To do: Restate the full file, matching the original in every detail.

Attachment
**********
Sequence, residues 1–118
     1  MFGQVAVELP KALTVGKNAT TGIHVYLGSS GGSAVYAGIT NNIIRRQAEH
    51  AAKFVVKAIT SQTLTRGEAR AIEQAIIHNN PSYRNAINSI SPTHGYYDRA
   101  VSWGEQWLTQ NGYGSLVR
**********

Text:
Sequence, residues 1–118
     1  MFGQVAVELP KALTVGKNAT TGIHVYLGSS GGSAVYAGIT NNIIRRQAEH
    51  AAKFVVKAIT SQTLTRGEAR AIEQAIIHNN PSYRNAINSI SPTHGYYDRA
   101  VSWGEQWLTQ NGYGSLVR